The Blurring of Artist, Objects and Audience into a Harmonious Confluence
Interview with Jess Holly Bates
Louis is a ex-advertising mogul rediscovering his passion for the arts and his deep love of his heritage and cultural identity. His uniquely Filipino aesthetic is a tool for advocating pride among people of colour and respectful cross-cultural engagement. On the 11 November, his PAWA performance/dinner Eat My Rice will take place from 6pm at 19 Tory St, Wellington. Here he speaks about feeling transnational, hopeful work by people of colour and the smells that get him up in the morning.
What will get you out of bed in the morning?
The smell of a hearty breakfast or a strong cup of coffee. A task I truly believe in. Friends. (Early morning booty call? lol)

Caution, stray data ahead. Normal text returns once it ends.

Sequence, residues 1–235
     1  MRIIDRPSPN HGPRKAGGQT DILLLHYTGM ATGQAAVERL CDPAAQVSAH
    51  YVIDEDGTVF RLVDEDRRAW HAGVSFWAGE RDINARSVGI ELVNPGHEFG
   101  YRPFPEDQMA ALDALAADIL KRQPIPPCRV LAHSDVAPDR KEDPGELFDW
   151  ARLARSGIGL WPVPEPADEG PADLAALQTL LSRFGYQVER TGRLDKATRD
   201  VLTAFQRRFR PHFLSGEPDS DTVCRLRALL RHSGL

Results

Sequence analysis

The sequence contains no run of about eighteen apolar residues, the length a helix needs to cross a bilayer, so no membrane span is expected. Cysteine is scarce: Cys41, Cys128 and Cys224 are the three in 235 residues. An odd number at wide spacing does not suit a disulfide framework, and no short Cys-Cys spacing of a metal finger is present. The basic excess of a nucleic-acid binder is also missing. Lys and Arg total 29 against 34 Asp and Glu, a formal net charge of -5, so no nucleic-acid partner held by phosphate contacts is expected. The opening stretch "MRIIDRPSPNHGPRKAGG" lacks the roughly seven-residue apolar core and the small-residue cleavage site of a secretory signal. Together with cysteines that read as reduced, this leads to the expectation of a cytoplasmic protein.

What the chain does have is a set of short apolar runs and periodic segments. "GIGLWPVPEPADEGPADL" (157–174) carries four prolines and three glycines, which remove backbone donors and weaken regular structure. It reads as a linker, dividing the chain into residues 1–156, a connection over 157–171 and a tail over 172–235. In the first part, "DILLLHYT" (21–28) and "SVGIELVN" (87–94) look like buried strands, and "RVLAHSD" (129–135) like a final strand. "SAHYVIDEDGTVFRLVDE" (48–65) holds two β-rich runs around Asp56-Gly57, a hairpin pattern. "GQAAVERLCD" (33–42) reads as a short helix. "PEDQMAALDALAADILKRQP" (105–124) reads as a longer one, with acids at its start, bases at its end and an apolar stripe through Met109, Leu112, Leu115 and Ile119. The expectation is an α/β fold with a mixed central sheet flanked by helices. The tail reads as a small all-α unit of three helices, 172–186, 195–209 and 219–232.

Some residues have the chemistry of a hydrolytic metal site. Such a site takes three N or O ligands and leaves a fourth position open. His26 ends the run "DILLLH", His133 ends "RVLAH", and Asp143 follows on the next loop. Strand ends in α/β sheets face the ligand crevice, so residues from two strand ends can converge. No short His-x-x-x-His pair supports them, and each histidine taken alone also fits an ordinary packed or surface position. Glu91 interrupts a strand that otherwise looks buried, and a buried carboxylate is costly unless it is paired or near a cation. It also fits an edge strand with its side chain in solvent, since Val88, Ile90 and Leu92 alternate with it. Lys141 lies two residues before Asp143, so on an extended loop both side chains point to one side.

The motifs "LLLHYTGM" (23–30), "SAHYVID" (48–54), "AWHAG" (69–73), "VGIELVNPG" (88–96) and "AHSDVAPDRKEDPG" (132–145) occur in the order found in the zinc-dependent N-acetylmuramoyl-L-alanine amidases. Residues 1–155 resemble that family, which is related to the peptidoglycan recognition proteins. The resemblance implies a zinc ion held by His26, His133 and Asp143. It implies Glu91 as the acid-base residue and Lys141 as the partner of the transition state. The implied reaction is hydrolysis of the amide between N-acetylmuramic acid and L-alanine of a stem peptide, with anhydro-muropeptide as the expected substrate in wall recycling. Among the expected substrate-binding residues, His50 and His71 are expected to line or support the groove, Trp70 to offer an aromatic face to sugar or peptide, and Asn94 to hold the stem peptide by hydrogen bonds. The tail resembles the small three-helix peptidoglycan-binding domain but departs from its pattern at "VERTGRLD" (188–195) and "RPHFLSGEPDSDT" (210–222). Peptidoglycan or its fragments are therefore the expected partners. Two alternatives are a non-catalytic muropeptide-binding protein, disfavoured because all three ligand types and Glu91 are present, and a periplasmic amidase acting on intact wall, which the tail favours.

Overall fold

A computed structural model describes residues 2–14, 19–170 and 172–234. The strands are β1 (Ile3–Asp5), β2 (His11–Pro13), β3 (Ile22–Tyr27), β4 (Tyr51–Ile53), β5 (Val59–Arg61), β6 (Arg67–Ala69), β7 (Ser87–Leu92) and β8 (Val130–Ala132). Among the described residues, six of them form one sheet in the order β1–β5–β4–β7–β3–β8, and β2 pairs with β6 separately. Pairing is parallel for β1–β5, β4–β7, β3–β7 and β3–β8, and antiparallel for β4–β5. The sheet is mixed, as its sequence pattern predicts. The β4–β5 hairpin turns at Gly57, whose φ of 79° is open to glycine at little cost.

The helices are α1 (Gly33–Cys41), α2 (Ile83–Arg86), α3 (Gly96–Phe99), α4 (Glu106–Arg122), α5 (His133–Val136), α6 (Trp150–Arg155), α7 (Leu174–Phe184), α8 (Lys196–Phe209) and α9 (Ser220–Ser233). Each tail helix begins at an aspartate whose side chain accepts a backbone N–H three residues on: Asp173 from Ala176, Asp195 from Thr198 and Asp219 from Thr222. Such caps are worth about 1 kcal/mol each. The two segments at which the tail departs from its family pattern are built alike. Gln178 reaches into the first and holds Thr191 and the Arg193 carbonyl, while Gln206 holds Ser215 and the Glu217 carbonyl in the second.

Do you define yourself as a performance artist? What makes ‘performance art’ to you?
Where do you call home, and why is that place meaningful for you?
Why was it important to you to be a part of PAWA?
Who is an artist or group of artists that you especially admire right now?
Outside of PAWA – what are you working on right now?
How do you feel about your upcoming performance piece? Why is it important to you?
Do you feel as though New Zealand respects the arts? why?
I come from a country where the great majority would sacrifice art and culture to prioritise food and survival. So comparatively, I would say that New Zealand is a place where more people appreciate and respect art in all its manifestations. Whether the level of respect is enough is another question. Maybe when a practising artist can truly pursue his or her vocation without having to beg for funding, haggle for preposterously underpriced commissions or prostitute their name and commercialise their work can I really say that the respect is absolute.
In Conversation with Jess Holly Bates